==Don’t really care what reason is.==

    If we know the reason, we have a better chance of preventing more carjackings.


  20. - Benjamin - Thursday, Apr 28, 22 @ 10:56 am:

    In fairness to the CPD, you have the press reporting stories like this one from the Sun-Times–an interview with a car thief blaming joyriding teens for the carjacking epidemic: https://chicago.suntimes.com/crime/2021/12/31/22848890/chicago-carjackings-inside-mind-chicago-carjacker

    So it’s conventional wisdom by now.

    Notably, the carjacking problem appears to be Chicago-centric, not nationwide, which is a little puzzling. If it’s driven by chop shops or black-market exports, why aren’t thieves striking in other cities with similar government and law enforcement policies? If it’s driven by a desire to commit drive-by shootings, why aren’t cities with even higher crime rates like St. Louis or New Orleans also having the same problem with carjackings?


  21. - smrides - Thursday, Apr 28, 22 @ 10:57 am:

    May also be pushing the joyride narrative because efforts to find and shut down chop shops and theft rings have not been very successful.


  22. - Get real - Thursday, Apr 28, 22 @ 11:02 am:

    The carjacking issue is not Chicago specific. It’s national.


  23. - charles in charge - Thursday, Apr 28, 22 @ 11:07 am:

    ==Notably, the carjacking problem appears to be Chicago-centric, not nationwide==

    No, not “Chicago-centric.” It might not be nationwide, but several other major cities including Philadelphia and New Orleans are seeing similar trends.


  24. - charles in charge - Thursday, Apr 28, 22 @ 11:11 am:

    ==you have the press reporting stories like this one from the Sun-Times–an interview with a car thief blaming joyriding teens for the carjacking epidemic==

    Yes, the media has done a very poor job reporting on this issue. An anonymous interview with a single purported “carjacker” shouldn’t be given any kind of weight as evidence of a trend, and barely passes for journalism at all.


  25. - Curious - Thursday, Apr 28, 22 @ 11:13 am:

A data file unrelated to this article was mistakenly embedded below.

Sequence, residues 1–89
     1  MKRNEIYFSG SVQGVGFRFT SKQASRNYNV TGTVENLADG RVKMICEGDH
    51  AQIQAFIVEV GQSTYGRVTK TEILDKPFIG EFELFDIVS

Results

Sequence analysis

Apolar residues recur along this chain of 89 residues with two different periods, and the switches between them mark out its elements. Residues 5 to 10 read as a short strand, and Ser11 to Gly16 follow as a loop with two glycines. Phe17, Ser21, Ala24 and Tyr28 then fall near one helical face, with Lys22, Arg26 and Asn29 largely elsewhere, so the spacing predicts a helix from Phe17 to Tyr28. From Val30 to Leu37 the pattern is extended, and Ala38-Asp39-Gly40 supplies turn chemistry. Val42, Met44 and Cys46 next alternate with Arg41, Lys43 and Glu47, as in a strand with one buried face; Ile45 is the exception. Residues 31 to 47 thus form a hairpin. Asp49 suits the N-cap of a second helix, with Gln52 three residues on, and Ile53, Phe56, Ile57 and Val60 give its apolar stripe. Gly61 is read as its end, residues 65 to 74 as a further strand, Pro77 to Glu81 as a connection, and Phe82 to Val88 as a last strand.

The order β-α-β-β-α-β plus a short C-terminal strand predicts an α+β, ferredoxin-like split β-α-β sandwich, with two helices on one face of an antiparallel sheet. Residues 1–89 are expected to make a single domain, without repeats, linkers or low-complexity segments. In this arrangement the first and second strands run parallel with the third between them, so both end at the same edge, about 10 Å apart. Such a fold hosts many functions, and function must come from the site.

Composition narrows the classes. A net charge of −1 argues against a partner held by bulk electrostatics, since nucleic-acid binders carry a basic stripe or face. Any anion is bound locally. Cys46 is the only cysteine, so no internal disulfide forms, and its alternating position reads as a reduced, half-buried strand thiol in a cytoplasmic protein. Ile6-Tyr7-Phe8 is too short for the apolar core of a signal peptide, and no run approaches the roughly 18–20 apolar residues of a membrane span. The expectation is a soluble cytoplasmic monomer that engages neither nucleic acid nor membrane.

It sounds like if we could better disrupt the flow of stolen vehicles, we could both (1) better identify the source and reason for the carjacking while (2) disincentivize the economics of carjacking.


  26. - amalia - Thursday, Apr 28, 22 @ 11:13 am:

    if we know the reason, how does that affect preventing a carjacking? if it is kids joyriding we can’t provide enough programs on top of the many parks and libraries that exist. if it is selling the cars, we can supplement the kinds of task forces that work on rail yard crime, but that does not work on the front end. whatever the reason if they think they get caught more easily, it is a deterrent. more cameras on the highways does work. The City of Chicago has cameras but they have laws against the use of drones, siding with the ACLU types. need measures to apprehend quickly.


  27. - Arsenal - Thursday, Apr 28, 22 @ 11:16 am:

    ==The narrative here is lost in the minutia of how many teens are joyriding.==

    Jesus, “the narrative”. Could you be any more transparent?

    Most of us want to prevent crime. That requires that we understand who is committing the crime and why.

    Now, I get that you have a different motive. You don’t want to prevent crime, you just want to shout “CRIME” until election day and hope that that lets Rich Irvin cut Ken Griffin’s taxes.

    But you need to understand that for most of us, that’s not the highest priority, and you should get a little bit better at hiding that you actually don’t care about crime at all, you just want your side to win.


  28. - Huh? - Thursday, Apr 28, 22 @ 11:20 am: